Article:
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Execution of RCM-R Project for the Anaerobic Sludge Digestion Process in the Wastewater Treatment Plant

Presenter: Philip Lawlor
Manager, Treatment Plant Maintenance, Regional Municipality of Halton
Co-presenter:
Azie Seif
Reliability Engineer
Description:
Presentation Title: Execution of RCM-R project for the anaerobic sludge digestion process in the wastewater treatment plant (HALTON REGION, ONTARIO, CANADA) Azie Seif, May 27, 2024, Reliability Engineering at Halton Region, Ontario, Canada As part of a comprehensive corporate-wide reliability improvement program, RCM-R analyses were conducted to determine the most appropriate maintenance program to sustain reliable operations for the anaerobic sludge digestion process. The method employed, "Reliability Centered Maintenance – Re-Engineered," is an analysis method based on the standard SAE JA-1011 with several enhancements for compliance with ISO 31000 (Risk Management), 14224 (Reliability Data Interchange), and 55001 (Asset Management). In the context of Reliability Centered Maintenance (RCM), the assessment involves not only identifying the risks associated with each potential failure but also categorizing the risk levels into four classifications: high, medium, low, and acceptable. This classification, determined through a matrix, is crucial for selecting appropriate solutions to mitigate identified risks. The risk figures indicate which failure modes are more critical and hence more likely to have tasks defined. To establish clear system boundaries, inclusions, and exclusions, and to understand the consequences of asset failure in operation and its overall importance to the business, functional block diagrams (see Figure 1 and Figure 2) were developed. Throughout the RCM-R process, the Functional Block Diagram played a pivotal role in examining the operating context and identifying potential failures. Boundaries: Unless otherwise requested, the scope of this RCM-R includes the digester sludge feed system and valve, digester cover safety equipment, digester sludge heating system, primary digester tank, and secondary digester tank. The primary objectives of this process are: • Transfer raw sludge in small quantities and with a maximum interval of 30 to 60 minutes (on a 24-hour basis) to the digester tank. • Transfer the thickened WAS to the digester tanks by the float pumps from the RDT units based on the level in the float sump. • Transfer Primary scum to the digesters on a batch basis based on the scum levels in the scum tanks. • Mixing and heating the sludge inside the primary digesters at a temperature of 35-37 'C to stabilize of sludge and convert it into inert solids, biogas (methane and carbon dioxide), and water. • Controlling the sludge level inside the primary digesters tank in the range of 81.661 m to 81.991 m and Permissive start of feed pumps (raw sludge, scum, and thickened WAS) • Controlling the sludge level inside the overflow box of the primary digester tank and activating the pump to transfer the sludge to the secondary digester tank. • Transferring the sludge from the primary digester tank to the secondary digester tank • Sludge mixing in the secondary digester tank. • Transferring the digested sludge from the secondary digester tank to the dewatering equipment lice centrifuge and belt filter press Figure 1: Functional Block Diagram for the anaerobic sludge digestion process " Figure 2- Functional Block diagram for the Digester tanks (Primary and Secondary) Result: The implementation of RCM-R for the anaerobic sludge digestion process resulted in the identification of 9 Functions, 30 Functional failures, and 86 failure modes were identified. Of these, 21 had safety implications and 11 were hidden failures. In addition, the identified solutions were as follows: • Number of maintenance activities: 96 • Run To Failure: 9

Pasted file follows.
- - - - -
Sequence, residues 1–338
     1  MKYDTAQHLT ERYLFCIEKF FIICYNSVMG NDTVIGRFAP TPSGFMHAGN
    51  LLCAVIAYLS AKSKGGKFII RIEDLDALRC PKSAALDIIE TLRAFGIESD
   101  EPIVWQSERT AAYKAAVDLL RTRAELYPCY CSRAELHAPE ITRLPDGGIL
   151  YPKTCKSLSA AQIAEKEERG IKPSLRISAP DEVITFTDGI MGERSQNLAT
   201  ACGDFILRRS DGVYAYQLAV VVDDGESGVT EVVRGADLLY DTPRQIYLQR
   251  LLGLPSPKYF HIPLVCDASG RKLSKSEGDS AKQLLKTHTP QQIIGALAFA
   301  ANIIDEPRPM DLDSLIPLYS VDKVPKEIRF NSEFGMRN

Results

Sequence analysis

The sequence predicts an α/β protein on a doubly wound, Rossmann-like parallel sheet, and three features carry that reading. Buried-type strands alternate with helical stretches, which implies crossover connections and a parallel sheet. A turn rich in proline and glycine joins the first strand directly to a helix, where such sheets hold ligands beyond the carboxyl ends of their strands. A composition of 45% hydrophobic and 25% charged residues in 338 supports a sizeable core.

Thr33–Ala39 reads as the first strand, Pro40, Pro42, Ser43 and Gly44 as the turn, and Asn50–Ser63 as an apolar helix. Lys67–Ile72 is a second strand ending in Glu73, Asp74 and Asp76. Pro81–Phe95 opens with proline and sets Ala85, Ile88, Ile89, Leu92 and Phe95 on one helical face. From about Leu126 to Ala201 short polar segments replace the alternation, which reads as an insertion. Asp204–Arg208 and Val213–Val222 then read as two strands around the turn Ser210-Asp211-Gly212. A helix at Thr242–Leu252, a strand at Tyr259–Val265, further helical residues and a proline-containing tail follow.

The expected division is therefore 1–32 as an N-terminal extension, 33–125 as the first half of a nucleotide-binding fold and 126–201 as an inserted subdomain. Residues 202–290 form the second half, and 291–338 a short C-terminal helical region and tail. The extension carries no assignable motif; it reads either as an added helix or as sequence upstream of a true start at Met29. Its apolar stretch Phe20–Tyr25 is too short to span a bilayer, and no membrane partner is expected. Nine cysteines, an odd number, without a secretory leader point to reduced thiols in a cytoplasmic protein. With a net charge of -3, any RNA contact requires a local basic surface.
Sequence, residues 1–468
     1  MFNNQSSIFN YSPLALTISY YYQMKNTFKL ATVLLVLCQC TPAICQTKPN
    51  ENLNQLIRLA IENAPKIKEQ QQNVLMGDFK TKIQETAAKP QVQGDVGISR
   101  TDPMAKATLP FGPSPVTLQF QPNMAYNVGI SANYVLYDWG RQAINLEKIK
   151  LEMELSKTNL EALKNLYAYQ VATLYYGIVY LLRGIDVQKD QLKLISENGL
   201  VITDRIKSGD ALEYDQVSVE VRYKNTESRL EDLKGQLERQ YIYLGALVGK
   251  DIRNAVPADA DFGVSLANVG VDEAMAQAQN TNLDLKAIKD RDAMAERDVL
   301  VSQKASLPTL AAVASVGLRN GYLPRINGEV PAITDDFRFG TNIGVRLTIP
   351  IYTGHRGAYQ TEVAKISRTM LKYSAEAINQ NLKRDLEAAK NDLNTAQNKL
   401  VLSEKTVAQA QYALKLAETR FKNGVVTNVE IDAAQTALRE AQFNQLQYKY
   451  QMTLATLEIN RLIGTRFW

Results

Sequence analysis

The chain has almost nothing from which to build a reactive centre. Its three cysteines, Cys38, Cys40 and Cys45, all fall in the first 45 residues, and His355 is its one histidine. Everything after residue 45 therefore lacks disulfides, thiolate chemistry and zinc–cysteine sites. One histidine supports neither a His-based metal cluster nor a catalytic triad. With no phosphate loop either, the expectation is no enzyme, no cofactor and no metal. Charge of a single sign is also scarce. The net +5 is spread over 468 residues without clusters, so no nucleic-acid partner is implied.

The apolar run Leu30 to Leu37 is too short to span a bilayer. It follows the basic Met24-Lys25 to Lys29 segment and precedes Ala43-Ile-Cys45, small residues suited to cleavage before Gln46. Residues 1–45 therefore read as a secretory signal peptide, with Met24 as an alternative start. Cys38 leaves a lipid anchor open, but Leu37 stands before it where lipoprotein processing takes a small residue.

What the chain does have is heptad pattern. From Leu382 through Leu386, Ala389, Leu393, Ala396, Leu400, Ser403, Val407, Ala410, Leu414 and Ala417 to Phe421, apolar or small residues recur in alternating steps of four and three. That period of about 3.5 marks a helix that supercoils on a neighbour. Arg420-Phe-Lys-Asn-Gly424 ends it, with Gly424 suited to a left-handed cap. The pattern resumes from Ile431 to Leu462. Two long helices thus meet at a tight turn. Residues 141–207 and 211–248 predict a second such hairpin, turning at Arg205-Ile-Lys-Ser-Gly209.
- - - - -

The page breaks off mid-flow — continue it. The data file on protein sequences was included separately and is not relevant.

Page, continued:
About the Presenter:

Philip Anthony Lawlor is an experienced professional in maintenance and asset management with over 23 years of experience dedicated to private and public sector industries. He holds a Master's Degree in Quality Management, a Post-Baccalaureate Diploma in Innovation Management, and a Specialist Diploma in Lean Systems. Additionally, he is a Certified Asset Management Professional (CAMP) and Assessor (CAMA).

Philip works fulltime as the Manager of Treatment Plant Maintenance at Halton Region, where he is part of a high-performing team responsible for the smooth operation and effective maintenance of water and wastewater treatment plant assets. With his leadership experience as Director of Maintenance and Reliability, Maintenance Management and other leadership positions, Philip brings a wealth of knowledge from a diverse array of industrial sectors across Europe and Canada, providing him with a comprehensive while practical understanding of maintenance, reliability, and asset management principles.

Philip's contributions in the field have earned him recognition from organizations like Engineers Ireland, MEETA, PEMAC Asset Management Association Canada, and others. His work has been acknowledged through awards and publications, which reflect his commitment to sharing best practices and acknowledging the collective efforts of teams.

In addition to his career achievements, Philip actively engages in volunteer work and initiatives aimed at enhancing maintenance, reliability, and asset management practices. Philip is a Board of Director member at PEMAC Asset Management Association of Canada and a part-time research Associate, Maintenance Management and reliability at Toronto Metropolitan University (TMU). Philip understands that the effective implementation of Asset management practices is essential for the long-term sustainability of infrastructure and the well-being of communities relying on them.